The assumptions underlying the interpretation of the early medieval settlement of woodland are challenged through a detailed study of the Weald in western Sussex. The patterns of usage of woodland in England were very varied, and each area needs to be looked at individually. Systems of woodland exploitation did not simply develop from extensive to intensive, but may have taken a number of different forms during the early medieval period. In one area of the Weald, near to Horsham, the woodland appears to have been systematically divided up between different estates. This implies that woodland settlement may not always have developed organically, but this type of landscape could have been planned. It is argued that the historical complexity of woodland landscapes has not been recognised because the evidence has been aggregated. Instead, each strand of evidence needs to be evaluated separately.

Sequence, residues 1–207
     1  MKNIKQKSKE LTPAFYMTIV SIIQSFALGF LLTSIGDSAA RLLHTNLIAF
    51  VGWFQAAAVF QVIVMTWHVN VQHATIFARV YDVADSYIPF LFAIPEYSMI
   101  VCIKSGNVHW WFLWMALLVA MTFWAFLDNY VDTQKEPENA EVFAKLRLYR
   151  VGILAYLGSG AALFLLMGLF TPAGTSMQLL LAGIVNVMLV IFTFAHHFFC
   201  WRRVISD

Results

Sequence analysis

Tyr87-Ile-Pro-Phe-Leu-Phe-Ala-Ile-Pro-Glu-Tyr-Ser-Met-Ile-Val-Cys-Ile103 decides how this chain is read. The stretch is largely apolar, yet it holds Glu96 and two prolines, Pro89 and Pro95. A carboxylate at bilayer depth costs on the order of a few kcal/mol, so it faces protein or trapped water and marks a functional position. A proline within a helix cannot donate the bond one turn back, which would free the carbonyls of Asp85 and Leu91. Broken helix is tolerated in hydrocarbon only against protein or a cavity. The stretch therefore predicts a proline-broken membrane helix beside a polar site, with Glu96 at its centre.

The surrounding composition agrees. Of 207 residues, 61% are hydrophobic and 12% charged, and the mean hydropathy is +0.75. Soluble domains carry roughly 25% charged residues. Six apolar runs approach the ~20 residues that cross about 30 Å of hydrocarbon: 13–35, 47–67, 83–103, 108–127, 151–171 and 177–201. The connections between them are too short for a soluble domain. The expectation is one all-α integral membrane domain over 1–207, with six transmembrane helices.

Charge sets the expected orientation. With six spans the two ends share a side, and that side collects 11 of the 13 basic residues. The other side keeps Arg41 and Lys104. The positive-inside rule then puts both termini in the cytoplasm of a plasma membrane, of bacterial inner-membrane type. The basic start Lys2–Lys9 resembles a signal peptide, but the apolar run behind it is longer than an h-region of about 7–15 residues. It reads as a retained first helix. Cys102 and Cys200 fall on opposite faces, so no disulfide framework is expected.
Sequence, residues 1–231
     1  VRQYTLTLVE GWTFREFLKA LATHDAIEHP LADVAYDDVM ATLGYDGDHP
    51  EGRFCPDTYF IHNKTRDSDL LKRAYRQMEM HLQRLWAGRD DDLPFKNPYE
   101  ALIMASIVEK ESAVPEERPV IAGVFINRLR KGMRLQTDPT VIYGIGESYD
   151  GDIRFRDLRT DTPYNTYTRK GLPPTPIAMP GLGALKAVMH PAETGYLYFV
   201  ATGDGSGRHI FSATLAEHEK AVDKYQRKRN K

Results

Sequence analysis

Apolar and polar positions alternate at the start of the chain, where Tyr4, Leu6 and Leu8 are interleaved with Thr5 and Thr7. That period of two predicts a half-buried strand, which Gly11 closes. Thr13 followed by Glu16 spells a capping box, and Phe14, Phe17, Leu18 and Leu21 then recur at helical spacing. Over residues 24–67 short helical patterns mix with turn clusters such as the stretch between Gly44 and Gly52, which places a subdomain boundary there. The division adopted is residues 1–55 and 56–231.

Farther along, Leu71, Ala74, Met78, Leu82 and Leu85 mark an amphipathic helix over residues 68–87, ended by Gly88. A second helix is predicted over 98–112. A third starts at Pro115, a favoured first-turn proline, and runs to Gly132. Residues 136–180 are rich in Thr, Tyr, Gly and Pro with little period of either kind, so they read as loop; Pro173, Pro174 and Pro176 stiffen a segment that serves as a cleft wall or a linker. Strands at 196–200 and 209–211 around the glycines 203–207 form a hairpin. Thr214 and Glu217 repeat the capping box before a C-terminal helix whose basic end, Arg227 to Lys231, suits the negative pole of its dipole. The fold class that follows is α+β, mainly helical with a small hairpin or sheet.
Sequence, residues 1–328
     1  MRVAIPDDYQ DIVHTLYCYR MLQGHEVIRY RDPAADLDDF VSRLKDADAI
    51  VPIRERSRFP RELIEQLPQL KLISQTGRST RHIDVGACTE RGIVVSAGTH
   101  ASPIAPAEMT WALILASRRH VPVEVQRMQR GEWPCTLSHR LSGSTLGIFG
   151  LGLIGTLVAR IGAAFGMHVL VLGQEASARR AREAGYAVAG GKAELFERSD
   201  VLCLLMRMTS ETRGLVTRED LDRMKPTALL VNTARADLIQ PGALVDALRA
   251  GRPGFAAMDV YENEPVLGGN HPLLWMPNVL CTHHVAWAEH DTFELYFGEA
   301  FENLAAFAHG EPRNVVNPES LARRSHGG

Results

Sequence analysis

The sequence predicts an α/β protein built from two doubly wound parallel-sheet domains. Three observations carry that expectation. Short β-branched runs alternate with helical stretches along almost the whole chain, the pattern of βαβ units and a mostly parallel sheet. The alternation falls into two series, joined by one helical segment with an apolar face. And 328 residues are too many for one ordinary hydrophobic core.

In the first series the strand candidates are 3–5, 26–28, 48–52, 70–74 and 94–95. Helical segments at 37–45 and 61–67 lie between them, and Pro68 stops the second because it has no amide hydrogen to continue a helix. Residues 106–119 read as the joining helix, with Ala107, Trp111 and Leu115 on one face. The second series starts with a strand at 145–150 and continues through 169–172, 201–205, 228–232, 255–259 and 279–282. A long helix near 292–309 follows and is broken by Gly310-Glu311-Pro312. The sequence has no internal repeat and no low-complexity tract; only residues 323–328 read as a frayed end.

|Number of pages||19|
|Publication status||Published - Jun 2005|